Former Vietnamese refugee Yen Siow with Bernhard Oyangen, one of her benefactors. Photo: Nicholas Yong
Months after former Vietnamese refugee Yen Siow launched a search for the Good Samaritans who rescued her family at sea in 1980, she has been reunited with one of them in Singapore.
“I gave him the biggest hug. For me it was like, wow I finally get the chance to meet my rescuer,” said 39-year-old Yen of her initial meeting with Norwegian Bernhard Oyangen, 54, at Changi Airport on Friday (21 October).
She added, “(I felt) jubilation and joy. Later on, when we drove home, I started crying.”
Oyangen was greeted at the airport by Yen and her three young sons, who held posters bearing images of the Norwegian flag and Yen’s family when they were refugees.
He told Yahoo Singapore, “I know what it’s like to be rescued at sea too.” By a strange twist of fate, Oyangen was rescued by helicopter from a freezing North Sea in January 1988, when his ship caught fire.
Asked what it was like to be reunited with Yen decades later, he said matter-of-factly, “When you are at sea, we have some rules at sea and we also have a tradition of good seamanship. Rescuing people at sea is just part of the job.”
36 years ago
The boat bearing 82 Vietnamese refugees that was rescued by the oil tanker Berge Tasta on 20 October, 1980. Photo: Yen Siow
Oyangen, who owns a business in the shipping industry now, is currently in transit in Singapore whilst on a business trip to New Zealand.
He was one of 29 crew members on the Norwegian oil tanker Berge Tasta, which stopped on 20 October, 1980, to rescue an overcrowded, flimsy boat filled with 82 Vietnamese refugees, who were fleeing from the communist regime in their country.
Yen, then just four years old, was on board the boat with 13 other family members. They had been adrift in the South China Sea for five days, said Yen. A lack of food and water even led the adults to cook rice with seawater, which became inedible.
“Many ships passed us by but only the Berge Tasta stopped to help us.”
After spending 10 days on board, the refugees were then housed at the old refugee camp in Hawkins Road in Sembawang. Yen and her family were eventually resettled in Australia in 1981. She is now based in Singapore with her Singaporean husband and their three young children.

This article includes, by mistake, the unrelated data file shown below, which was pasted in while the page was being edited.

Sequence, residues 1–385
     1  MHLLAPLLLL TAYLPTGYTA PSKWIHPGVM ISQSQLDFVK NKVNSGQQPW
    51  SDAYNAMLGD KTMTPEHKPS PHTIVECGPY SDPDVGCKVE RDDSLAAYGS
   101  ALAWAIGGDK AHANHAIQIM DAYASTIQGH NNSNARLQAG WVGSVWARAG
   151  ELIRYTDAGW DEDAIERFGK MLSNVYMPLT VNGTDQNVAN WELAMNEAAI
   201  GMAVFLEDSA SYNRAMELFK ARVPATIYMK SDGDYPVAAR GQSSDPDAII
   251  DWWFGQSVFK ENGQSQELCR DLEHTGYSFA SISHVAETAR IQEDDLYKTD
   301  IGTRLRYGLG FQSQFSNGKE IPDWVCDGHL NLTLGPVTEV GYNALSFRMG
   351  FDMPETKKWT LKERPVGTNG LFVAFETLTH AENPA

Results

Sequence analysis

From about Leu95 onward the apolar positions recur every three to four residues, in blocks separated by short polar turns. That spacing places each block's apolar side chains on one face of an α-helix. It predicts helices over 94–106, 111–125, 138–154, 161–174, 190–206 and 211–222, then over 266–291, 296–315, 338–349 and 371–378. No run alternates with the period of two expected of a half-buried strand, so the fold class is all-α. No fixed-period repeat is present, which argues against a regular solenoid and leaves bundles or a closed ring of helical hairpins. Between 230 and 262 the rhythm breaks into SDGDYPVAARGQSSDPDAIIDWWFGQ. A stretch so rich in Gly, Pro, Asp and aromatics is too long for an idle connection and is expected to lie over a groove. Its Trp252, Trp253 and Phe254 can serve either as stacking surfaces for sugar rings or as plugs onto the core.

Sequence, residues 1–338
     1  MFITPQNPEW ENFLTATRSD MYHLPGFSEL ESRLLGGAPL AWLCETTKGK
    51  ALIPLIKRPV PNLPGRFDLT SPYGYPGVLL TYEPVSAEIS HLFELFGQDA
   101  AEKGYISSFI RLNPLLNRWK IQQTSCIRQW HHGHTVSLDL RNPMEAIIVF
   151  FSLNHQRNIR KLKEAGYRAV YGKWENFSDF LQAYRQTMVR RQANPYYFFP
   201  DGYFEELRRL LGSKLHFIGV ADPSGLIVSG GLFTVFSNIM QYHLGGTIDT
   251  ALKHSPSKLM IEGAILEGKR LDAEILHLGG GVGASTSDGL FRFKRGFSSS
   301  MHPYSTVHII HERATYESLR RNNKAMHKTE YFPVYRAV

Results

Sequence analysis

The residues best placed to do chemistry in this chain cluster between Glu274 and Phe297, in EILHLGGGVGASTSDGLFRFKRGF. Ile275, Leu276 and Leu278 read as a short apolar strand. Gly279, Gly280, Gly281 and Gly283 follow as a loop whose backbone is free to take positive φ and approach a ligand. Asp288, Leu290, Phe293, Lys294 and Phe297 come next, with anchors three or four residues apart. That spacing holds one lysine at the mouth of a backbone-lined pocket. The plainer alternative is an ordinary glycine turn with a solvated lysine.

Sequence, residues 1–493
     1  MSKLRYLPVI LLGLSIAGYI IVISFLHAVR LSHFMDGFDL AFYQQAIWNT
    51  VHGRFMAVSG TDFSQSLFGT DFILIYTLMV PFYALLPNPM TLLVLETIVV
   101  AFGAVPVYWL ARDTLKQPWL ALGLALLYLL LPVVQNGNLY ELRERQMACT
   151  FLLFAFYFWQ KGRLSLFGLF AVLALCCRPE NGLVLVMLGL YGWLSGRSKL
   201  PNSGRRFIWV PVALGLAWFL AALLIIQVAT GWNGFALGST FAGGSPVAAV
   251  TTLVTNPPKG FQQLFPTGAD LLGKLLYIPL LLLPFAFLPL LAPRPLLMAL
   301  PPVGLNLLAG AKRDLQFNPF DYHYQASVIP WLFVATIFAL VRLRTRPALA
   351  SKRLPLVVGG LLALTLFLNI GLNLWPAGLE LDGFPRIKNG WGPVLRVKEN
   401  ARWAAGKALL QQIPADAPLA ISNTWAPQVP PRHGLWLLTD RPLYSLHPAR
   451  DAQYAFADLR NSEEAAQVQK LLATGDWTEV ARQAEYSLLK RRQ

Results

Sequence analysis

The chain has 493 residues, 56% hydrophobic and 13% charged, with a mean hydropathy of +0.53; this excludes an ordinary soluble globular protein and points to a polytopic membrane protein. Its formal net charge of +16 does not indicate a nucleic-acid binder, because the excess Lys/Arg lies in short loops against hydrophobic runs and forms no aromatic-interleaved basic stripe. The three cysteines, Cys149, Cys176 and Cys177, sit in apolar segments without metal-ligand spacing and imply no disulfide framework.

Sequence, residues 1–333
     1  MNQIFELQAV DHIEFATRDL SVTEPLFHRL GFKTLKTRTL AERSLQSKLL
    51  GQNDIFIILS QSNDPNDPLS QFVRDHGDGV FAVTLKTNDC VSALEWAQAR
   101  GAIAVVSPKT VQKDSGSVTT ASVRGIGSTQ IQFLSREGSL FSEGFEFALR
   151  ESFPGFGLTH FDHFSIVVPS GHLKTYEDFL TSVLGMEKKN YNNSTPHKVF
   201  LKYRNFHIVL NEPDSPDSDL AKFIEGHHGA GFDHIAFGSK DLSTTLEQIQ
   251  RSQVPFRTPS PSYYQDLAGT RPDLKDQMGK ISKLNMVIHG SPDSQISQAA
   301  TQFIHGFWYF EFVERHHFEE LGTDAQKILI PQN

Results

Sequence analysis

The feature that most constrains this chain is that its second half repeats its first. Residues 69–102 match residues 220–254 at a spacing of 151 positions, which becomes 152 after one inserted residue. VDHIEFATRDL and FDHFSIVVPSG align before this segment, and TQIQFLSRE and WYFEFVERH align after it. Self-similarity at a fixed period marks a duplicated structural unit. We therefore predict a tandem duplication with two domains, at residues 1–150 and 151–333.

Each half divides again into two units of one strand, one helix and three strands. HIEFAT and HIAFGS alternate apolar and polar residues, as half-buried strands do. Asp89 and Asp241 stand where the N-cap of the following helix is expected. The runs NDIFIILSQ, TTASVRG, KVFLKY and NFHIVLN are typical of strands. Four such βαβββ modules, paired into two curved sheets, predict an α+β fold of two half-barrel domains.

Last month, Yahoo Singapore reported on Yen’s quest to find her rescuers, borne out of a desire to thank the individuals and organisations who had helped her family.
She contacted Oyangen thanks to the help of Real Expat Wives of Singapore, a Facebook group that helped her reach out to contacts in Norway. Four representatives of the group were hosted to lunch by Norwegian ambassador Tormod C. Endresen at a local restaurant on Monday, together with Yen and Oyangen.
A lasting legacy
Oyangen, Yen, Norwegian Ambassador Tormod C. Endresen and members of Real Expat Wives of Singapore. Photo: Nicholas Yong
It was an equally emotional experience for Yen’s extended family in Australia, when they spoke to her and Oyangen via a live video chat on Facebook.
“Their words were a hundred times ‘Thank you for helping us, for rescuing us’,” said Yen. She added with a laugh, “They were saying to me in Viet, ‘Go buy him a present! Go get him the most expensive thing you can think of!’”
Yen will experience her catharsis again as she is planning to visit Norway next summer to meet the other crewmen she has found.
“They said, ‘We know that you are in distress, and we will take it upon ourselves to share our food, our clothes, and try to find you a safe place,’” said Yen.
“There are generations of children that have been impacted because of this one act of significant kindness and generosity.”